riyada in arabic means "training" or "discipline". It was used by the arabs in relation to horse taming. Sufis refer to their discipline as "riyadat an-nafs": disciplining the soul / training the ego. Today, the word riyada has come to mean "sports". There is an Arabic proverb that says: "The purpose of sports (riyada) is not to win cups, but to discipline the soul". This blog is here to help me discipline my soul and train my body.

Wednesday, February 28, 2007

Abd al-Aali and the Western Branch of the Idrisis

General Outline
The following is an excerpt from a book about the Sanusis, written by Abd al-Malik al-Libi, the student and companion of the great Mujahid, Ahmad al-Sharif al-Sanusi, the grandson of Muhammad ibn Ali al-Sanusi. Abd al-Malik accompanied his teacher when he left to Turkey and then to Medina and stayed with him until he died. Here is what he wrote, as quoted in a book by shaykh Saleh al-Jaafari:

The birth of Sidi Abd al-Aali was in 1246 AH in Sabya, and his father died when he was only seven years old, and he stayed after the death of his father for 10 years in Sabya, during which he memorized the Qur'an and some texts (mutoon).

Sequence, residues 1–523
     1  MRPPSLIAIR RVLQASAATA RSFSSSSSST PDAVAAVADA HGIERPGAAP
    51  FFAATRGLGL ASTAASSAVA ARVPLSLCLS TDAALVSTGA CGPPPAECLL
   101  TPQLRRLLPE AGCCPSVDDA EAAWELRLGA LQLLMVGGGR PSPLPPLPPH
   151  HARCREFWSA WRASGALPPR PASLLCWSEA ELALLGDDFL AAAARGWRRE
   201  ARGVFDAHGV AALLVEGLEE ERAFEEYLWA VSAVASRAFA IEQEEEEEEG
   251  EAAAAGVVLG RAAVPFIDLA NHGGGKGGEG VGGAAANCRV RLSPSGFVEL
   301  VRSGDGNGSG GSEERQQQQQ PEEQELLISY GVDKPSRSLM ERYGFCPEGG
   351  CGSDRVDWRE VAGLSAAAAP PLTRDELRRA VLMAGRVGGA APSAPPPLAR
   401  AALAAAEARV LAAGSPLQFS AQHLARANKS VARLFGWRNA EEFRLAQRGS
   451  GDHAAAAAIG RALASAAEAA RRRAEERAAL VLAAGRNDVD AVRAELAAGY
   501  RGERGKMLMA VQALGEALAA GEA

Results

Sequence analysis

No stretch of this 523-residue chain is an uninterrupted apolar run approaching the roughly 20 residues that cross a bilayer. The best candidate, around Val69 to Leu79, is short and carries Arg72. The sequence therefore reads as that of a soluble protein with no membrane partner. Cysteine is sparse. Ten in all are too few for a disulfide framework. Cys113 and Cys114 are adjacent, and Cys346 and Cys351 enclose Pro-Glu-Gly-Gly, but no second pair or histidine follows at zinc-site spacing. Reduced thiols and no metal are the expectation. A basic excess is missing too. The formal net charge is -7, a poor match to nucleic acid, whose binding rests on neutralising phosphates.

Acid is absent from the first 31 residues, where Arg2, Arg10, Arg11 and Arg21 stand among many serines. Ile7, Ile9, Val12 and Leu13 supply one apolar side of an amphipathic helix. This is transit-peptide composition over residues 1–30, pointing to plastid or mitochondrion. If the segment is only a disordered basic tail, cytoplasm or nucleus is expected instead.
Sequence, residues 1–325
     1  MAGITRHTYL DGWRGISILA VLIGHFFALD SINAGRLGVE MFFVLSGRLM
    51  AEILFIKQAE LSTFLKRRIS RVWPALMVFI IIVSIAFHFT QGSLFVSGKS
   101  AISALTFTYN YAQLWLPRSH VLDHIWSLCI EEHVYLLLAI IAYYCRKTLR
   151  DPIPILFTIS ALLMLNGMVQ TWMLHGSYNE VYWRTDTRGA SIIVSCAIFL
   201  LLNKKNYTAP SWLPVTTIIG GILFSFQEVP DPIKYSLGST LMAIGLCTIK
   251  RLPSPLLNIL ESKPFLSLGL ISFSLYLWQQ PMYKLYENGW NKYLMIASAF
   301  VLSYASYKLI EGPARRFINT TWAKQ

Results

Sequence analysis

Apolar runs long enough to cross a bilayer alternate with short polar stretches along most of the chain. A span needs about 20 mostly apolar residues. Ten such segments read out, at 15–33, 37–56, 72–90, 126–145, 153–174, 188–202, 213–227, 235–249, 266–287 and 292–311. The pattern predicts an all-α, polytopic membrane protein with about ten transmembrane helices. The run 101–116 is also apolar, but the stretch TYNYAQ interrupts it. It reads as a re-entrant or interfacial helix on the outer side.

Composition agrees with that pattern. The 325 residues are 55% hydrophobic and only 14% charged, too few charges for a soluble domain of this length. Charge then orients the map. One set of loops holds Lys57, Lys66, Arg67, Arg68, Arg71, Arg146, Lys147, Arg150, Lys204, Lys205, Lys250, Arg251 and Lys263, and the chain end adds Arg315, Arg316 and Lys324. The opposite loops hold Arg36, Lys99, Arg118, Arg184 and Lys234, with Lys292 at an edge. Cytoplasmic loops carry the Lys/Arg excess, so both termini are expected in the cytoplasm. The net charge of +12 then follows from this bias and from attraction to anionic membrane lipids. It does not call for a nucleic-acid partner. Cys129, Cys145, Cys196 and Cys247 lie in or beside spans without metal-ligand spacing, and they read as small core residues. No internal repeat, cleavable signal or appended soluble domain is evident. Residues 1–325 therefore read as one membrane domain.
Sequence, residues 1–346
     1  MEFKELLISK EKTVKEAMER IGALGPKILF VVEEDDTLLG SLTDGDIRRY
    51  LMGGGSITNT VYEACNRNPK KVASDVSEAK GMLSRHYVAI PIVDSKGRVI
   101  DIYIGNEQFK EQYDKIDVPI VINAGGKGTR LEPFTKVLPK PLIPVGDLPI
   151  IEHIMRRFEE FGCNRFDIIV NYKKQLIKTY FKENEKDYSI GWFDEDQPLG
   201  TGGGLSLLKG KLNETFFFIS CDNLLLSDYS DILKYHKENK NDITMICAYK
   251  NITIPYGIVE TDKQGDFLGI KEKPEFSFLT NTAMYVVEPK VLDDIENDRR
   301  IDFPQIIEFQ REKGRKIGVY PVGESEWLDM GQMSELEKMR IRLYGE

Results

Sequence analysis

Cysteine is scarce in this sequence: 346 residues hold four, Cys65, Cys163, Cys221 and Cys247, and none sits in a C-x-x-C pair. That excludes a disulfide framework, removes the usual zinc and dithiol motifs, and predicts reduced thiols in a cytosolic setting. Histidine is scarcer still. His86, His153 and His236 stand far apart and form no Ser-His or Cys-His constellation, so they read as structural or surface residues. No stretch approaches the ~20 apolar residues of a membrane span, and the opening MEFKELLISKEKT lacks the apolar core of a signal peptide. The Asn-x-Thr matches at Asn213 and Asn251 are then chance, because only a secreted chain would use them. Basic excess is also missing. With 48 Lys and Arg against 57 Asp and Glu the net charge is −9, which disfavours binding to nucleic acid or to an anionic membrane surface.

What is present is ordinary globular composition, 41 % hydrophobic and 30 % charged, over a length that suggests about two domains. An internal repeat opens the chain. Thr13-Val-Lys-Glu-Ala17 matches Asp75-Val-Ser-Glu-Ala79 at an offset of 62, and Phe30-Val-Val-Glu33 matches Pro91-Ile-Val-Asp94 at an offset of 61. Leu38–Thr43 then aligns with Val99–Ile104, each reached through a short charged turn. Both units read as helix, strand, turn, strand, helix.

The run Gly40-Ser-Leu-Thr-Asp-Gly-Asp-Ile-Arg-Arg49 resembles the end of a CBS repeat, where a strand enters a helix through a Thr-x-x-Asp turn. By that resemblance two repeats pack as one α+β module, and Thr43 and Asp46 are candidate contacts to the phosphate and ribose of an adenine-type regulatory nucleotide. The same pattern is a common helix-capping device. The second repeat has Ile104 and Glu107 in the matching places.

Then when he reached the age of 17, the khalifa of his father in Mecca, mawlana al-sayyid Muhammad bin Ali al-Sanusi, called him to him, and so he went to him in Mecca in the year 1264 AH. [al-Sanusi] kept him with him and dedicated private lessons for him and private mashayekh from among the best of the ikhwan (brothers) until the year 1269 AH when the ustadh (al-Sanusi), may God be pleased with him, moved from the Hijaz to Burqa, one of the provinces of Libya, so he went with him and attached himself to him the attachment of the sincere murid until he benefitted from him and gained a great and plenty share of his uloom and his ma'aarif. And there became for the sayyid a great and high station among the ikhwan that no one comes near it, and the ustadh ordered him to teach lessons during his lifetime, and he himself would go and sit at his lessons with some of the ikhwan to check up on him, and he gave him ijaza in all that is fitting for him and from him in all the sciences and turuq, and made him his na'ib (deputy) and gave him ijaza in giving the awrad and in exhorting and guiding people. And like that he stayed in his company until he (al-Sanusi) died in Jaghboub in 1276 AH.